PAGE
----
Metropolitan News-Enterprise


Tuesday, December 7, 2010


Page 1


Sheriff Can Fire Deputy Who Married Prostitute—C.A


By STEVEN M. ELLIS, Staff Writer


Los Angeles County did not violate a sheriff’s deputy’s constitutional rights by firing him for socializing with a known prostitute and heroin addict he later married, this district’s Court of Appeal has ruled.

Div. Seven, in an opinion published yesterday, rejected former deputy Emir Bautista’s First Amendment challenge to a Sheriff’s Department’s policy prohibiting officers from maintaining personal relationships with known criminals.

Bautista had argued that policy was vague, and violated his constitutional right to maintain intimate personal relationships. He was terminated in 2004 after his relationship with Shawn Crook became known to the department.

Writing for the panel, Presiding Justice Dennis M. Perluss wrote that Bautista’s now-familial relationship with Crook did not subject the policy to a higher level of scrutiny. He also said that sufficient evidence supported the department’s legitimate interest in preserving its integrity and credibility, and that the penalty was not excessive.

Bautista, who joined the department in 1996, befriended Crook in 2002 after stopping to talk to her to understand why she had resorted to prostitution in an effort. He said he did so to reform women like Crook and to help them lead crime-free lives.

As the relationship progressed, Bautista often drove Crook to dinner and to the methadone clinic where she was receiving treatment for her heroin addiction. He also gave her rides home in the early morning after she finished working the streets to make sure she arrived safely.

The pair moved in together in 2003 and later married.

However, department policy required officers to seek permission before associating with anyone under criminal investigation or indictment, or “who have an open and notorious reputation in the community for criminal activity, where such association would be detrimental to the image of the Department.”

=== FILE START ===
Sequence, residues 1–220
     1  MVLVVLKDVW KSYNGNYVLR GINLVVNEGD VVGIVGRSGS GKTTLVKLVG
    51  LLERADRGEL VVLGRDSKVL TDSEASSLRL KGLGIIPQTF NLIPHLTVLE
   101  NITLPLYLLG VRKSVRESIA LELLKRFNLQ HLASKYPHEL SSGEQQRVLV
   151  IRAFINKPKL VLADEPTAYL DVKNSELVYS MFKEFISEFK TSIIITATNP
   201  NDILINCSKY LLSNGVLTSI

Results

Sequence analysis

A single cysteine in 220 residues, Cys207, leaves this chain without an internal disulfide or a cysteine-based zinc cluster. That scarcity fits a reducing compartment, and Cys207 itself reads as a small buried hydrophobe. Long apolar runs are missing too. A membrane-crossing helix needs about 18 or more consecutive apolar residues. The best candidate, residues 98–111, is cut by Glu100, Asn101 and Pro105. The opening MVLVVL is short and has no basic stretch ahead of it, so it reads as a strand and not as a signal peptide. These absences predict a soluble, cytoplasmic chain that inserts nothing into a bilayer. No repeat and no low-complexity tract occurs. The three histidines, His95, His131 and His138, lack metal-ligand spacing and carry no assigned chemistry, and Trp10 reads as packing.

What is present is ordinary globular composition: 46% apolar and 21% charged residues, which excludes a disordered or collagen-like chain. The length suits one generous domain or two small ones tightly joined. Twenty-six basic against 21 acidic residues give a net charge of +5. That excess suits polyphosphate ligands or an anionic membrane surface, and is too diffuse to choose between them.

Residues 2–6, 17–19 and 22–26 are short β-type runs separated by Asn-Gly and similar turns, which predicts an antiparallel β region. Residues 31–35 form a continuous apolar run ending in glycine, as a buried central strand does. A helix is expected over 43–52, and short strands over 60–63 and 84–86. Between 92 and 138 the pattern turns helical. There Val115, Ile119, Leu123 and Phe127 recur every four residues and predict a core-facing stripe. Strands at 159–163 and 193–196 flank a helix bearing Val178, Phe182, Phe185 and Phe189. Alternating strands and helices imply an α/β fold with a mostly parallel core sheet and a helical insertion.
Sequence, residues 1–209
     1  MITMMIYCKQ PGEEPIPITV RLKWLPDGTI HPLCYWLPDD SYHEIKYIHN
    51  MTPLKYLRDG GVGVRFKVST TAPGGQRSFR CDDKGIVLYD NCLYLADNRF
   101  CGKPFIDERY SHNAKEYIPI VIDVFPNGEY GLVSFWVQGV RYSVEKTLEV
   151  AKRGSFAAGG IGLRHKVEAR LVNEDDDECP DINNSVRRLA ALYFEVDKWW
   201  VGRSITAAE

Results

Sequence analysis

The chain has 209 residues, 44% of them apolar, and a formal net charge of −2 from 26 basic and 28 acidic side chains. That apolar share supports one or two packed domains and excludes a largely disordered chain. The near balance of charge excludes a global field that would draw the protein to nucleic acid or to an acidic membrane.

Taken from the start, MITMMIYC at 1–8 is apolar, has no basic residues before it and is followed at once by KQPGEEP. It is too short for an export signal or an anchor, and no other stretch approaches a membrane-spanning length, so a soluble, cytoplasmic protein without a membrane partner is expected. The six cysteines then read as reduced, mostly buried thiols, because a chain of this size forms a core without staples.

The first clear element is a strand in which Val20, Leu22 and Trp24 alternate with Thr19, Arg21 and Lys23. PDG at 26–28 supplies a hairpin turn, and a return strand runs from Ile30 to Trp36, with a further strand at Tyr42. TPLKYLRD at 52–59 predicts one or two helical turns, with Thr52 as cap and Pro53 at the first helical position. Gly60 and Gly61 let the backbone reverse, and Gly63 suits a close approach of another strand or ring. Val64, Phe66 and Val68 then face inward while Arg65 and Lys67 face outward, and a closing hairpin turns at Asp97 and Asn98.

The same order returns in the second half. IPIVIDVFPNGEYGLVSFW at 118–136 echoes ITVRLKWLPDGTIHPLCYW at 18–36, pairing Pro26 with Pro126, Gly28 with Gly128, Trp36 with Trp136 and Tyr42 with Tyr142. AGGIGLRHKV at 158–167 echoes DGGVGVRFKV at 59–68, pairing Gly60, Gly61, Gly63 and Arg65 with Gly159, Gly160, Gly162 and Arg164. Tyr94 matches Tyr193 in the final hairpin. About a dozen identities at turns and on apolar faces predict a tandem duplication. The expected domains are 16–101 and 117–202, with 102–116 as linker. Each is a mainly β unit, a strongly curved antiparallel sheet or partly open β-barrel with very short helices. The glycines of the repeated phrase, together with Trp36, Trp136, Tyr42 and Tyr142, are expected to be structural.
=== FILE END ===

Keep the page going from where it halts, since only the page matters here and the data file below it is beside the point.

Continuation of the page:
Bautista failed to report the relationship, and the department sought his discharge in 2004 after learning that police officers in Gardena familiar with Crook’s past detained her multiple times while she was with Bautista. One of those officers testified that Crook had acknowledged continued illegal drug use only days before one of the encounters.

Chief Richard Martinez, the head of the Sheriff’s Department’s Court Services Division, testified that Bautista’s long-standing personal association with Crook, along with the multiple detentions by Gardena police, embarrassed the department and undermined its reputation with both the law enforcement community and the public.

Bautista sued in 2006 to reverse a decision of the Los Angeles County Civil Service Commission approving his discharge. Los Angeles Superior Court Judge Dzintra Janavs, since retired, denied the request, reasoning that the prohibited-association policy was rationally related to a legitimate purpose and therefore constitutional.

On appeal, Bautista argued that Janavs should have applied heightened scrutiny to the policy because it infringed his fundamental right of marriage and similar intimate association, but Perluss said rational basis review was appropriate where the policy only “incidentally” affected those rights.

The justice conceded that Bautista’s involvement with Crook was “admirable” insofar as it encouraged her to abandon prostitution and recover from heroin addiction. However, he wrote, crediting Martinez’s testimony about the effect of Bautista’s relationship on the department, the decision “was not without costs.”

Perluss also rebuffed Bautista’s argument that the penalty was excessive, pointing out that the department’s disciplinary guidelines expressly mentioned discharge as the appropriate punishment.

Justices Fred Woods and Laurie D. Zelon joined Perluss in his opinion.

The case is Bautista v. County of Los Angeles, 10 S.O.S. 6749.


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